Philip Doddridge (b. London, England, 1702; d. Lisbon, Portugal, 1751) belonged to the Non-conformist Church (not associated with the Church of England). Its members were frequently the focus of discrimination. Offered an education by a rich patron to prepare him for ordination in the Church of England, Doddridge chose instead to remain in the Non-conformist Church. For twenty years he pastored a poor parish in Northampton, where he opened an academy for training Non-conformist ministers and taught most of the subjects himself. Doddridge suffered from tuberculosis, and when Lady Huntington, one of his patrons, offered to finance a trip to Lisbon for his health, he is reputed to have said, "I can as well go to heaven from Lisbon as from Nort… Go to person page >
Lord, let Thy goodness lead our land. On p. 1578, i., this hymn is said to be taken from P. Doddridge's hymn, No. 369, in his Hymns, 1755. This is an error. It is from his "Salvation doth to God belong," p. 1589, i. 11.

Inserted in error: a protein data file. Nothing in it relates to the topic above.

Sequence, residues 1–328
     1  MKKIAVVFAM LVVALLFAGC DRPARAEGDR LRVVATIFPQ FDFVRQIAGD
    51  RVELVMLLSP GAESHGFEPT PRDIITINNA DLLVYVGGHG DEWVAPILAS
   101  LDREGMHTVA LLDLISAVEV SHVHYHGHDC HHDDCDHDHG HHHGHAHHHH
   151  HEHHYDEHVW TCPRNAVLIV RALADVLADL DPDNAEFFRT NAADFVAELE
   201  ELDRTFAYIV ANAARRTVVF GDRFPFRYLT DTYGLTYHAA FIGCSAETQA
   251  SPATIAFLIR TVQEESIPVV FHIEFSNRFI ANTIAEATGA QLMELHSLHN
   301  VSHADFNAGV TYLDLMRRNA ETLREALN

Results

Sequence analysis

--John Julian, Dictionary of Hymnology, New Supplement (1907)
TRURO is an anonymous tune, first published in Thomas Williams's Psalmodia Evangelica, (second vol., 1789) as a setting for Isaac Watts' "Now to the Lord a noble song." Virtually nothing is known about this eighteenth-century British editor of the two-volume Psalmodia Evangelica, a collection of thr…